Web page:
Trailblazing Israeli Bedouin athlete looks back at career

Mohammad Abu-Anza believes there are many talented athletes in the Bedouin community that didn't get the chance to develop their potential

Avinoam Porat|
Mohammad Abu-Anza, a 22-year-old Bedouin man living in southern Israel, is the first-ever athlete from Israel’s Bedouin community to win first place in the national Athletics Competition.
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  • “When I was a kid I wanted to be a doctor like my brother Omar,” Abu-Anza says. “But ever since my physical education teacher began teaching me athletics, that’s all I do.”
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    אבו ענזה
    אבו ענזה
    Mohammad Abu-Anza
    (Photo: Haim Ornstein)
    “I think there are many talented people that can grow in the Bedouin population, but they don’t want it enough,” he adds. “Most think that athletics only has to do with running, excluding dozens of more options they can have in the sport.”
    Now working as a physical education teacher himself, he is also the assistant of the Negev Athletics Club coach, Idan Shapira.
    The height of his career came in 2019 when he won first place in the 400-meter dash segment in Israel’s national Athletics Competition after finishing with a time of 48.04 seconds. Abu-Anza’s time is the 15th best in Israel’s history.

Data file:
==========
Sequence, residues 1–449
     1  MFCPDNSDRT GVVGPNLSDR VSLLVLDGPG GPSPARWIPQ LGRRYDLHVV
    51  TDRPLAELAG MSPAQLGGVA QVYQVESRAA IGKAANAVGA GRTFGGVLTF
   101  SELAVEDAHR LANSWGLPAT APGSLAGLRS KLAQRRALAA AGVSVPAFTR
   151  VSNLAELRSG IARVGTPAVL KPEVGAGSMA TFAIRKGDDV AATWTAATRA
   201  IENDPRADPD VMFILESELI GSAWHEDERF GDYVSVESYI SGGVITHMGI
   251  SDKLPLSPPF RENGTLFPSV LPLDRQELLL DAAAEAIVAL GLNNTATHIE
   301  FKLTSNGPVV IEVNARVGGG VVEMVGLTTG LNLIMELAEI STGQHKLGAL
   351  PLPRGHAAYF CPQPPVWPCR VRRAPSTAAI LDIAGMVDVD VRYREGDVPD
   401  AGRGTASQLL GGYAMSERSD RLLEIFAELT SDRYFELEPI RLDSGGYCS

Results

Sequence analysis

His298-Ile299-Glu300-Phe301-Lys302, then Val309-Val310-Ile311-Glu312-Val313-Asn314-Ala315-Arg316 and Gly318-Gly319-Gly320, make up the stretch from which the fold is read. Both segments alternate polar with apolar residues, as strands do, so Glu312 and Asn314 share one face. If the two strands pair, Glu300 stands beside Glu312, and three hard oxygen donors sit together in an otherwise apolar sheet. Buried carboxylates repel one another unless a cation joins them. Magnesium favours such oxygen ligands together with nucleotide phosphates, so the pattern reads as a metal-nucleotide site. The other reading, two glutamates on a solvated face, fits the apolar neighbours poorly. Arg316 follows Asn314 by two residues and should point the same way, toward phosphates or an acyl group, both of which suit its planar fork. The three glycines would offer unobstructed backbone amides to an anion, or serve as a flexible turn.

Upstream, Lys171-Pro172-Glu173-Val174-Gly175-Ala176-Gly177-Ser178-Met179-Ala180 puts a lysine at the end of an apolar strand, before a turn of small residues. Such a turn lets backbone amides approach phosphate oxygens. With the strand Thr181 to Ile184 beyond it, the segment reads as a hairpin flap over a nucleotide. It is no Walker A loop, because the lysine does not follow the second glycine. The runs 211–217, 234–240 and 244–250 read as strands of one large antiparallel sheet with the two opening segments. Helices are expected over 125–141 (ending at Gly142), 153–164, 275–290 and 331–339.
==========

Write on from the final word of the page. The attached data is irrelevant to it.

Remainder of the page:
Abu-Anza and his community were happy with his achievement, and he even considered beginning his international career with a goal of improving his time to 45 seconds. His plans were delayed, however, following a serious injury to his knee requiring him to attend physiotherapy sessions to treat.
    “I always stay optimistic, then and now,” he says. “I finished third in the latest athletics competition, despite my injury. I’m only 22 years old and still have a way to go until I’m 30.” Abu-Anza’s personal records for a 100-meter run stand at 10.84 seconds, and at 21.91 seconds for a 200-meter run. “And I can improve my time when I’m completely healed,” he promises.
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    אבו ענזה
    אבו ענזה
    Mohammad Abu-Anza
    (Photo: Haim Ornstein)
    Israel has other record-breaking athletes from other population sectors as well including Israeli-Arab Christian Juman Gibran, ultra-Orthodox marathon runner Beatie Deutsch, and Druze athlete Karwan Halbi who broke the Israeli record for a 1000-meter run.
    Alongside his love for athletics, Abu-Anza also enjoys playing football, which he says isn’t more developed in his town due to neglect. “The football field in Tel Sheva, where I live, isn’t really worthy to be called a field. There isn’t even grass growing there.”
    “And still people wonder why there isn’t good football in Tel Sheva, which is only three kilometers away from Be’er Sheva,” he says. “I hope things get better, but I’m still focusing on athletics.”
    When asked if he felt like he was running for the sake of Bedouins in Israel, Abu-Anza said: “I ran for myself and to improve my health, but I also enjoyed being admired. I’d like for more Bedouins to compete in athletics.”